"Companies need to consider the impact of new standards on forecasts and other forward-looking information in transaction documents."
November Edition, Many Hats: Audit & Risk Insights
ASIC review a sample of financial statements after each reporting season, looking for areas of non-compliance with the accounting standards. If they have concerns after looking at a company's financial report, they'll send a letter to the company asking for more information. It's really important that directors take these letters seriously and get some assistance from their auditor or an accounting firm when replying. While the letters often ask more about the business, ASIC does expect the response to outline how the company has complied with the accounting rules. A well planned, plain English and collaborative response will usually speed up the resolution process.
This reporting season ASIC will focus on the new accounting standards and how they've been applied. If a company has made a decision that the impact of one of the new standards is material or not material, or if they've quantified the impact with a dollar figure, ASIC can ask the company to show how they've arrived at that decision. They can also ask details about the accounting policies that have been applied under the new accounting standards and request supporting documentation. Companies need to make sure they have their reasonings and documents prepared in case they're asked such questions by the regulator.
ASIC has also reminded directors of their continuous disclosure obligations where the impact of new standard on reported results could affect the company’s share price, for example. Companies also need to consider the impact of new standards on forecasts and other forward-looking information in transaction documents.
The other areas of ASIC's focus are consistent with prior years and include:
The operating and financial review also needs to discuss key risks and other matters that could affect a company's future financial position and performance. Companies could consider discussing risks arising from digital disruption, new technologies, climate change, Brexit or cyber security.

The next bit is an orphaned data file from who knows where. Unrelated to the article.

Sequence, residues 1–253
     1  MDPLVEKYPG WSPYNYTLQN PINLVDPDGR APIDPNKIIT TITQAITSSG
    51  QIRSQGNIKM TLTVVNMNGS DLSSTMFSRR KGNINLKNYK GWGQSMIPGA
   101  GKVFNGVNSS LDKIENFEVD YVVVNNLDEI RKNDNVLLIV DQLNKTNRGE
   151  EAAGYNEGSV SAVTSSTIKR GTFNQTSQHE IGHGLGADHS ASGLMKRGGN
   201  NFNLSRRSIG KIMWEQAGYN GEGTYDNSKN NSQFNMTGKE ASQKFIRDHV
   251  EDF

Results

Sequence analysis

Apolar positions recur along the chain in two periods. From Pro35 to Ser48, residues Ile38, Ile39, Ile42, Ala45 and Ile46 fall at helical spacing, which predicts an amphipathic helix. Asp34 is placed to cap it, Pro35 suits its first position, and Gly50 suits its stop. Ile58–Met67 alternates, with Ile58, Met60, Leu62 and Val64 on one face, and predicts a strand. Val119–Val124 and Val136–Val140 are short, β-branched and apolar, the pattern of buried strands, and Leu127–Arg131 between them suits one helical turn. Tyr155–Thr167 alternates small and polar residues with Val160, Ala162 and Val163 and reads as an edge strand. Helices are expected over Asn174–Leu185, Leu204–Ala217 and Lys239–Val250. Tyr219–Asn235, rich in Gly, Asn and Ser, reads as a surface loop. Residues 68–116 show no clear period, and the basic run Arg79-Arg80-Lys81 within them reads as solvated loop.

Director's may have heard there's a new conceptual framework internationally that could change our financial reporting requirements. For listed companies, we're not expecting a change as they will basically be applying the new international conceptual framework immediately along with other listed companies around the world. The conceptual framework will not change what companies need to provide in a listed company report. However, we do need to look at the changes for other entities within Australia as the definition of 'reporting entity' has been updated.
Has management explained the work performed and their analysis of the impact of the new standards to the board?
The changes will affect, not-for-profit entities, subsidiaries of foreign companies and private companies, particularly those that currently prepare special purpose financial reports (SPFR) and lodge them with ASIC. SPFRs will no longer be allowed under that new framework. The reason being SPFRs won't fit with the new global definition of what is a reporting entity. So that definition will need to be changed in Australia, and we expect the definition will provide for two levels of reporting: full listed accounts for large listed entities and a smaller area of reporting for the next level down (ie. a small foreign company). Under the changes it will be very clear what needs to be lodged with ASIC as companies will no longer be able to self-assess what they provide to the regulator. There may be another tier in the not-for-profit sector for very small charities as it's questionable whether all of the information in a general purpose report is required for such entities.
This conceptual framework is a positive development as it will remove the concept of self-determining who is or is not a reporting entity, which is not accepted globally, and ensures all unlisted large companies provide comparable financial information.
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